For the first seven months after Iraq’s March election, the Obama Administration had insisted that they would not interfere in the political process and that they only wanted some coalition, any coalition, to emerge as quickly as possible. Though it was clear that the administration favored a Maliki-Allawi partnership, they did not appear to oppose any pairing outright.
Now, with long-time American favorite Nouri al-Maliki having incredibly managed to snatch another term in office from an electoral defeat in March, the administration is said to be chiming in, demanding that Maliki oust anti-US cleric Moqtada al-Sadr from his coalition.
Which is an enormous imposition, given that Sadr’s supporters had such a strong showing in the election that they managed to seize control over the Iraqi National Alliance from the Supreme Islamic Council, and it was Sadr more than anyone else who made the current coalition possible.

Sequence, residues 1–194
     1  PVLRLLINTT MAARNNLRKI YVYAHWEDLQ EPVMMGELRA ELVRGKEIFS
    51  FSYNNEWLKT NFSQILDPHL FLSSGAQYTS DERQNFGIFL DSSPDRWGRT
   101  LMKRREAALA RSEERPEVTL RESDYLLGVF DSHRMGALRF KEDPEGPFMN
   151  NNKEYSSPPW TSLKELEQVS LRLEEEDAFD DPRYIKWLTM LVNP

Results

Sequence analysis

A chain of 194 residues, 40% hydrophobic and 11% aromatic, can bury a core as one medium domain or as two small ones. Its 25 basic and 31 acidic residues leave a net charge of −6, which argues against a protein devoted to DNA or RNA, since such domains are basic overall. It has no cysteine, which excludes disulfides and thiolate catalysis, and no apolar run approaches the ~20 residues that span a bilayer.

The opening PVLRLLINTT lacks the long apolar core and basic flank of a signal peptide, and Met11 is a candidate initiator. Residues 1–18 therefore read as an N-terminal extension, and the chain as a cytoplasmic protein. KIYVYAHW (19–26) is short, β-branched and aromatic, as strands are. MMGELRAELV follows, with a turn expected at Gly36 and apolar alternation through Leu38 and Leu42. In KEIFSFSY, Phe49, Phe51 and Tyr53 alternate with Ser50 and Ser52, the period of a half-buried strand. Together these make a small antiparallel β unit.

Moreover, if Maliki obeys the US and ousts Sadr, it isn’t clear that he will have a coalition at all anymore, or at the very least not one capable of forming a government. Maliki’s bloc finished second in the vote to rival Ayad Allawi’s Iraqiya bloc, and it was only through Sadr’s participation that he had any chance at a second term in office.
Any majority coalition government in Iraq required the participation of two of the three major blocs, and each side had its foreign advocate, with the Obama Administration supporting the Maliki-Allawi pairing, Syria supporting an Allawi-Sadr pairing, and Iran supporting the Maliki-Sadr pairing that ultimately won out. Maliki may risk a lot in forming a coalition overtly opposed by the US, which is still occupying the nation, but he might be risking even more to expel Sadr after a deal has been made for a coalition which would strengthen the Shi’ite clergy, a move that is supported both by his key allies in Iran and by a large portion of Maliki’s own constituency.